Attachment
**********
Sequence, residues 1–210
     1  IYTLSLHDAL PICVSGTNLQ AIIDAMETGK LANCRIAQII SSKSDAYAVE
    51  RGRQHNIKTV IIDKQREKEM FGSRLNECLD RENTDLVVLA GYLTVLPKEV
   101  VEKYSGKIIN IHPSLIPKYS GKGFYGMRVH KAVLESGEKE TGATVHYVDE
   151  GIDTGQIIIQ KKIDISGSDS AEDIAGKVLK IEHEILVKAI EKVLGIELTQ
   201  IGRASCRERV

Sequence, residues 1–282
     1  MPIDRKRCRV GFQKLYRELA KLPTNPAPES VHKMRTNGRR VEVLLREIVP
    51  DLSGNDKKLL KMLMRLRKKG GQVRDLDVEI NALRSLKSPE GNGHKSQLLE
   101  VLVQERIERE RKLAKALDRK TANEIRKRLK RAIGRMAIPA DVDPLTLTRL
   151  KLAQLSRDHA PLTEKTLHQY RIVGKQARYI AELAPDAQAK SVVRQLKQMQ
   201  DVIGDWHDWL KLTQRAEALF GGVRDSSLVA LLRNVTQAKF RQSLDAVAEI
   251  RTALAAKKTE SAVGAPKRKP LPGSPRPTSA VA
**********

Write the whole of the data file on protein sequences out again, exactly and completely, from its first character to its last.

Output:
Sequence, residues 1–210
     1  IYTLSLHDAL PICVSGTNLQ AIIDAMETGK LANCRIAQII SSKSDAYAVE
    51  RGRQHNIKTV IIDKQREKEM FGSRLNECLD RENTDLVVLA GYLTVLPKEV
   101  VEKYSGKIIN IHPSLIPKYS GKGFYGMRVH KAVLESGEKE TGATVHYVDE
   151  GIDTGQIIIQ KKIDISGSDS AEDIAGKVLK IEHEILVKAI EKVLGIELTQ
   201  IGRASCRERV

Sequence, residues 1–282
     1  MPIDRKRCRV GFQKLYRELA KLPTNPAPES VHKMRTNGRR VEVLLREIVP
    51  DLSGNDKKLL KMLMRLRKKG GQVRDLDVEI NALRSLKSPE GNGHKSQLLE
   101  VLVQERIERE RKLAKALDRK TANEIRKRLK RAIGRMAIPA DVDPLTLTRL
   151  KLAQLSRDHA PLTEKTLHQY RIVGKQARYI AELAPDAQAK SVVRQLKQMQ
   201  DVIGDWHDWL KLTQRAEALF GGVRDSSLVA LLRNVTQAKF RQSLDAVAEI
   251  RTALAAKKTE SAVGAPKRKP LPGSPRPTSA VA